Franz Jantzen wants to see it all. The photo collages in his “Ostinato,” at Hemphill Fine Arts, don’t attempt to depict everything, of course. They focus on a particular place or object, whether a grand old theater such as the Loew’s in Jersey City or an in-flight meal on a tray. But the Washington photographer shoots his subjects multiple times from a set height and angle, and then stitches the images together on a computer, so the final composition combines multiple perspectives.
It’s pretty much impossible to write about Jantzen’s work without using the term “cubist,” but that word is not quite right. Neither is “ostinato,” which refers to a musical note or phrase that’s repeated without variation. Such cubist painters as Picasso and Braque were looser and more fanciful in their use of multiple vantage points. Yet Jantzen’s photo assemblages aren’t merely scientific, in the manner of one of his inspirations: multi-exposure images made by automated satellites or planetary rovers to depict the worlds beyond our own.
Perhaps to assuage his regret at abandoning film photography, Jantzen decided that digital image-making is a different form. “It is an entirely new medium altogether, one closer to painting and sculpture,” he writes. That’s arguable, but the artist’s switch to pixels has encouraged him to take an art-historical approach. “Ostinato” includes some still lives of fruit and flowers, classic oil-painting subjects, and a fractured view of an actual painting, “Study No. 32 (I Like Cezanne).” There’s also a deconstructed/reconstructed view of a Campbell’s Soup box, which nods to Warhol.
In the tradition of pre-digital photography, Jantzen sometimes considers ordinary things: a ragged storefront, a tree stump or his hand holding a book. But digital imagery, for Jantzen at least, leads to large and often architectural subjects. That makes sense, because the photographer has become sort of a builder himself. The multitiered work in “Ostinato” couldn’t actually exist in the 3-D world, but it is impeccably constructed and kind of grand.
Where Jantzen tends to focus on human-made or -arranged subjects, Georg Kuettinger takes his digital camera into the wild. Or at least to locations that are as wild as can be found in Western Europe, where landscapes tend to be well-manicured. The German photographer, having his first American solo show at Project 4, constructs large-format, extremely widescreen vistas from multiple images. There’s a patchwork aspect to his photo collages, especially on close inspection, but from a distance they appear nearly natural and almost seamless. The slight jumpiness of cut-together pieces such as “Salinas del Janubio” or “Polders” plays on the human-imposed patterns of, respectively, agricultural fields or a latticework of canals.
Sometimes, Kuettinger enlists close-ups to construct a sweeping tableau. Four images of forests, from Spain, Portugal and Italy, show tree trunks at close hand. Unlike most such photos, these are horizontal rather than vertical, revealing only a small portion of the trees’ height. But the images are stacked atop one another on the wall, so that they cumulatively present a sense of towering. Together, the four sets of trees seem to be in a kind of dance, and the white patches of sunlight that penetrate the canopies could be theatrical spotlights.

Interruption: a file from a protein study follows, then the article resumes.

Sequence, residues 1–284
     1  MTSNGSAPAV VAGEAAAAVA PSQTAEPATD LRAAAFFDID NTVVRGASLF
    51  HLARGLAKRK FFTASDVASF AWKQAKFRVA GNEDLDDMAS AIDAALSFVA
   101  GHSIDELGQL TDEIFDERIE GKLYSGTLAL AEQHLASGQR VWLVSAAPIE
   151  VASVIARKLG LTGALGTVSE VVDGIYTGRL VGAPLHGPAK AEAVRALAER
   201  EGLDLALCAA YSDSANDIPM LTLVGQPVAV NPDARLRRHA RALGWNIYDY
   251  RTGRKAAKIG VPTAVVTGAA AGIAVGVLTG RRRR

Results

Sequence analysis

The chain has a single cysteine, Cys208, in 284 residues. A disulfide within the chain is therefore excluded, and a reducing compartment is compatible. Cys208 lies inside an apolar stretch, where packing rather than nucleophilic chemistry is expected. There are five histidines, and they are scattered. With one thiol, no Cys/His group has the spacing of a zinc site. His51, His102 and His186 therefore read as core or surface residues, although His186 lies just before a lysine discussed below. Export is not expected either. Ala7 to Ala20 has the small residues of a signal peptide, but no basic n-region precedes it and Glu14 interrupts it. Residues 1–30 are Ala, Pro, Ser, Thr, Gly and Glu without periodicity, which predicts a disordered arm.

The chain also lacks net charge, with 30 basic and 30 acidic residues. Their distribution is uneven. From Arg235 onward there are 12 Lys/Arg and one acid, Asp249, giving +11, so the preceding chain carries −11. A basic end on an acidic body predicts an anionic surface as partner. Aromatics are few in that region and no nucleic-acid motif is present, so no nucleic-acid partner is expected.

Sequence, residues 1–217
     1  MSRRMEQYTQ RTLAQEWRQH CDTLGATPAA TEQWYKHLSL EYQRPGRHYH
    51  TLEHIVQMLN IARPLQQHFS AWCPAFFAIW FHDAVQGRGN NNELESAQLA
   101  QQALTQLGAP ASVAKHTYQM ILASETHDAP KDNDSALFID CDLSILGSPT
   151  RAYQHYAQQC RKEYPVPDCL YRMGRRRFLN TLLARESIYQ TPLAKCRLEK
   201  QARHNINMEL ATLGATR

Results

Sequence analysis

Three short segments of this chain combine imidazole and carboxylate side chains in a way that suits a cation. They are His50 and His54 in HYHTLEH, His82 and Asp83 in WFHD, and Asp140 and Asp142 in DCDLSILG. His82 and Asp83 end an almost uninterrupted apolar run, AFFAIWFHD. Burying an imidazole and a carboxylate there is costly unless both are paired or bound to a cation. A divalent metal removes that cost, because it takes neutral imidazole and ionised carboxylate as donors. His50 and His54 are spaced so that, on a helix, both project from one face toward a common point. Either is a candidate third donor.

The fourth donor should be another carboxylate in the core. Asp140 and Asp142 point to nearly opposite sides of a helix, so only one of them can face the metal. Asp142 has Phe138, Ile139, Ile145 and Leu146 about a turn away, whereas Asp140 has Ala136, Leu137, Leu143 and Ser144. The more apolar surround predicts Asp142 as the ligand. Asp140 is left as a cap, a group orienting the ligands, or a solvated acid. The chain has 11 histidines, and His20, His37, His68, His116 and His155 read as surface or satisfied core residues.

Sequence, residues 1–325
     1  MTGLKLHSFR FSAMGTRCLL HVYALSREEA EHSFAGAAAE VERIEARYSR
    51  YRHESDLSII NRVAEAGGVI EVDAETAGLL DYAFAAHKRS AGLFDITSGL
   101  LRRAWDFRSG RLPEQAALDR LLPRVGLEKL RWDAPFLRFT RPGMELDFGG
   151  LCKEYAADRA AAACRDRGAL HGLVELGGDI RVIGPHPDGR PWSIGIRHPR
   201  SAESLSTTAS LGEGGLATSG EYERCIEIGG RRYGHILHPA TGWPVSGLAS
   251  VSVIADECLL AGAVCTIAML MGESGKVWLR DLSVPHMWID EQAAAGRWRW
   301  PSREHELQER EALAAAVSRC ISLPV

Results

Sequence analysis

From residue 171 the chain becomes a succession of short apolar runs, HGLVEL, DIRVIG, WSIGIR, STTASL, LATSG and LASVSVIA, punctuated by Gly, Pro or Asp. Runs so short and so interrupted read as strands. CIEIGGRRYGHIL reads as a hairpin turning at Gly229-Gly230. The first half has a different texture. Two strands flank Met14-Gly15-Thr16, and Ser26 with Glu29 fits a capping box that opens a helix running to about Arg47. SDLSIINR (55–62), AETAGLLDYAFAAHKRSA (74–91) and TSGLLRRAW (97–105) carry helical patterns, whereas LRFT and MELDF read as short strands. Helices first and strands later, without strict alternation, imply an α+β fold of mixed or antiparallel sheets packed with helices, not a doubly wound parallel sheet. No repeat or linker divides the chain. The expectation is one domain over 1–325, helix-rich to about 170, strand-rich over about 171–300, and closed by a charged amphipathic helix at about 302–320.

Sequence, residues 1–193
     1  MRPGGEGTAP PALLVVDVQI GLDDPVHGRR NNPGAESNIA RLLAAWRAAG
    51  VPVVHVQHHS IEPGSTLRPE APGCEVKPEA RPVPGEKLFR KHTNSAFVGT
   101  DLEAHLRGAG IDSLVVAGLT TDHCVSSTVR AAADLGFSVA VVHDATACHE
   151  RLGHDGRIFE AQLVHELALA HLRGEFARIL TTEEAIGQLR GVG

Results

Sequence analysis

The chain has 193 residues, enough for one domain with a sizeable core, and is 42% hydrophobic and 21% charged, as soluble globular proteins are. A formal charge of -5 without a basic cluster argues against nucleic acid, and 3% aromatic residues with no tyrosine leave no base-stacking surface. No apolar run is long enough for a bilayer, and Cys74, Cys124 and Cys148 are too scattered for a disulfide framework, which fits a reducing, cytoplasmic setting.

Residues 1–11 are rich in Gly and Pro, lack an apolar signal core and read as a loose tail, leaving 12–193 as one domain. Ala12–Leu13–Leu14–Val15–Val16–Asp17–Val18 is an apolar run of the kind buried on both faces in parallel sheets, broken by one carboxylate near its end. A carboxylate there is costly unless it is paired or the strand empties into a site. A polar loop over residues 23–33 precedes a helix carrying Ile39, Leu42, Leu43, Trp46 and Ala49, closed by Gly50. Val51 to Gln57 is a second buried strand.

White is a motif in these pieces. Large areas of absent color suggest snow in fields, but it’s impossible to be sure. The chalky expanses in a image of Brittany are probably made of sand, while the eerie, ivory formations in a depiction of Turkey could be ice or salt. But maybe not. Kuettinger’s “remixed” photographs skew the natural world just enough to be intriguingly mysterious.
Most of the “Travelogue” photographs in Joyce Yu-Jean Lee’s “Passages” were also made in Europe, but the shots feature neither open spaces nor abundant light. Exhibited in a dark, curtained room at Hamiltonian Gallery, and illuminated by pinpoint spotlights, the small glossy images focus on windows, skylights and peepholes. The pictures are sometimes art- or architecture-historical, featuring details of such buildings as Rembrandt’s house in Amsterdam or the Daniel Libeskind-designed Jewish Museum in Berlin. When Lee photographs the Great Wall of China (her one non-European subject), she presents a tightly circumscribed view, not the usual attempt to represent the structure’s vastness.
Although some of the structures she photographs are one of a kind, Lee strips them to basic elements: shape, opening, light. The result is ominous yet enticing. The tight apertures suggest both entrapment and escape, much as they balance darkness and light. These are postcards from some sort of edge.
The contrast is apparently one of Lee’s concerns. Behind another curtain are two video/performance pieces, “Last Light” and “First Light.” In the former, projected on two walls, a man and a woman react differently when a block of light appears and then expands, crowding them. It’s less compelling than “First Light,” which is projected on the floor. In this seven-minute loop, a woman is contained inside a circle of light. She looks up, as if trapped in a hole, searching for a way out. It’s an elementary mime exercise, but the downward perspective makes the sequence unusually powerful. Will the woman escape? Is the circle of light a prison window or an escape hatch? Unlike most video-art pieces, “First Light” packs sufficient drama to make such questions interesting.
Jenkins is a freelance writer.
On view through March 10 at Hemphill Fine Arts, 1515 14th St. NW; 202-234-5601; hemphillfinearts.com.
On view through March 17 at Project 4, 1353 U St. NW, third floor; 202-232-4340; project4gallery.com.
On view through March 10 at Hamiltonian Gallery, 1353 U St. NW, Suite 101; 202-332-1116; hamiltoniangallery.com.